It takes extreme discipline, dedication and repeated sacrifice.
It takes setting short and long term financial goals and then following through on promises to yourself.
All things the majority of Americans seem to struggle with. Fortunately, research suggests that simply jotting down a list of financial goals makes you 42% more likely to achieve them.
Not bad for merely putting pen on paper.
Every once in a while Lady Luck steps in and changes someones life…odds are that person won’t be you. Don’t be the person who indefinitely waits on her as your basis for achieving financial success. That’s akin to holding out on that impending lottery win we all feel coming, but never actually does.
Being able to afford a house, your kids’ college tuition, and retiring comfortably-ever-after, will most likely be on you.
Lucius Seneca’s quote is as true today as it was in ancient Rome:
For those of you who are still lost:
It means you’re responsible for creating your own luck.
By having a clear financial road-map and setting realistic financial goals, opportunities for success are more likely to arise.
If your personal finances are in ruin, or you’re simply looking for ways to save more money, check out our list of personal financial goals examples below. Many goal setting activities you can start today.
1. Build an emergency fund
No money goals are worth having if losing your place of shelter becomes a very real possibility.
Since it’s all but impossible to know what life will throw at you, it becomes important to have a little extra stashed away at all times. An emergency fund is “an account used to set aside funds needed in the event of a personal financial dilemma, such as the loss of a job, a debilitating illness or a major expense.”
Most experts recommend putting away at least 3 months of living expenses into said account – and more if you can afford to do so.
2. Get out of debt
If getting out of debt wasn’t your first priority, it should be. That’s not to lessen the importance of anything else on a list of financial goals, its merely to highlight just how damaging debt can be to achieving financial independence.
Don’t become a victim to a vicious loop of minimum payments and accrued interest. Putting it off only makes it harder to eliminate, and worse yet, you may end up trashing your credit score in the mean time.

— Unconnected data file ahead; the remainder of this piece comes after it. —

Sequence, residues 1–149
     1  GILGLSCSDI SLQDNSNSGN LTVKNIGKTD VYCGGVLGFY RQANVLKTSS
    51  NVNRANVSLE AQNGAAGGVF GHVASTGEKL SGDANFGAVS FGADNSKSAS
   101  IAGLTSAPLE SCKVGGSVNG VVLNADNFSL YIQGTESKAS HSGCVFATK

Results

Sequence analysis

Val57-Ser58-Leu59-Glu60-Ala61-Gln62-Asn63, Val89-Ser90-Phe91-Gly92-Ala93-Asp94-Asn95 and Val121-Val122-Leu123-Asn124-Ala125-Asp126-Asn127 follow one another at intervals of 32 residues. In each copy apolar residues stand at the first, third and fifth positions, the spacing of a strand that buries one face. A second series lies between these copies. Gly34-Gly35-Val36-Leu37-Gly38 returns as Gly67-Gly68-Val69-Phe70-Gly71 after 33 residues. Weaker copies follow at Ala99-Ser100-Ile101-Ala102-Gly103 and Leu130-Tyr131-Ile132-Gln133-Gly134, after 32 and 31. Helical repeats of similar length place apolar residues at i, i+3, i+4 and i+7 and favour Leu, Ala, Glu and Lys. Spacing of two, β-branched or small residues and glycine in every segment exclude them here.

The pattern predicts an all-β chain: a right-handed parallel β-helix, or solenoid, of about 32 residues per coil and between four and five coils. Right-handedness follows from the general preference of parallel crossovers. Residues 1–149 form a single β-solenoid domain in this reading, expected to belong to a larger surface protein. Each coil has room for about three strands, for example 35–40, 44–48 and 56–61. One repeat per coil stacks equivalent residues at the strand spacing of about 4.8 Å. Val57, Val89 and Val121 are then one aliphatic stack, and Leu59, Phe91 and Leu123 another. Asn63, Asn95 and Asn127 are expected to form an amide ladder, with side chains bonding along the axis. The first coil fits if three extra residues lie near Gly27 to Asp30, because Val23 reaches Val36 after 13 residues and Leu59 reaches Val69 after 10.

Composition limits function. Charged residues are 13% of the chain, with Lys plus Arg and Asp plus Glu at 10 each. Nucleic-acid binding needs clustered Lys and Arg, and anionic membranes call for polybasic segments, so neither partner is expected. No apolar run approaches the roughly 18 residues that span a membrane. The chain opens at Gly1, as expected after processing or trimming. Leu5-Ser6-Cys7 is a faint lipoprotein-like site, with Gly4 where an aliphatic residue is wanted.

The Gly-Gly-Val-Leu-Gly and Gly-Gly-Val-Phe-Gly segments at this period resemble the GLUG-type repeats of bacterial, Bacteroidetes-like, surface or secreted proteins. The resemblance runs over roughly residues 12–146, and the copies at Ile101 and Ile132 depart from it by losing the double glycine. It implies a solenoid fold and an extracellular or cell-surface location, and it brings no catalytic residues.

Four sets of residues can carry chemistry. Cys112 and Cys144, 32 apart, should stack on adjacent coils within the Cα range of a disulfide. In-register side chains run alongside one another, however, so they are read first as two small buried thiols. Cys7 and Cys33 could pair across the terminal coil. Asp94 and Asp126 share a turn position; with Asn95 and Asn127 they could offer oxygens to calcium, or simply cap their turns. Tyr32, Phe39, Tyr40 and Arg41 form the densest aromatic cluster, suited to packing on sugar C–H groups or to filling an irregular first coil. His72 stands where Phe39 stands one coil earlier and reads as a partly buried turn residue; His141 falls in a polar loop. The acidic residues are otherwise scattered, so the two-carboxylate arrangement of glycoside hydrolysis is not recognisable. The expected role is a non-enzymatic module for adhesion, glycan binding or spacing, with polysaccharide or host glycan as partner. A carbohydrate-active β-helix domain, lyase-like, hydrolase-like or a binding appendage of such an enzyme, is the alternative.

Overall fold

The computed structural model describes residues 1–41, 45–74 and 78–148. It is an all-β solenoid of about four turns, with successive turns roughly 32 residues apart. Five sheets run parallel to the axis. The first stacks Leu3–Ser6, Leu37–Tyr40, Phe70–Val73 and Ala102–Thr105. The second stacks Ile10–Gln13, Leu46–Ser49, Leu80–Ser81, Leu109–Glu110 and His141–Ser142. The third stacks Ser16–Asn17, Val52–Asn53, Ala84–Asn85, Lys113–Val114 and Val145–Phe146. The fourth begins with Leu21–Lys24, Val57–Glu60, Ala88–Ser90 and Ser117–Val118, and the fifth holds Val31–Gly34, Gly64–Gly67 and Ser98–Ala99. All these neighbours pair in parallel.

Jeff Rose, a certified financial planner at Good Financial Cents, lists some no brainer reasons for getting out of debt:
- Getting out of debt means that you’ll have full control over your income
- It will leave you with more money for savings and investing – and even more for spending
- It will make it easier to quit a job you don’t like
- It will free your mind of the worry and stress that come with debt
3. Keep accurate records
If merely writing down your goals makes you 42% more likely to achieve them, it goes without saying that accurately tracking your spending creates a further sense of accountability. By creating a money journal of sorts, you can track past successes (and failures), learn from your mistakes, and identify areas for improvement.
Plus tracking your goals becomes a breeze because you have reference points and objective data from which to draw conclusions.
J. Money of Budgets Are Sexy doesn’t keep a journal…but he does track his net worth via his blog where readers are welcome to follow along. The blog also makes him several thousand dollars per year (hint: not a bad idea).
4. Create (and follow) a budget plan
Have you ever actually sat down and tried to create a budget? Apparently 32% of you have – or at least that’s what the results of a recent Gallup poll would suggest.
And that’s a good thing.
For the the other 68% however, what is stopping you? Taking the time to categorize your spending can be a huge eye opener. If the majority of your spending is in the housing/car/loans section vs the latte, Dolce, and Rolex department you’re on the right track.
A good budgetary guide is the 50/20/30 rule. 50% essential spending (rent, transportation, utilities) – 20% towards personal financial goals (saving or paying off debt) – and 30% is flexible (expenses that can vary from month to month, like eating out, groceries, shopping, hobbies, entertainment, or gas).
5. Improve your credit score
One of the more popular items on our list of financial goals is how you can improve your credit score.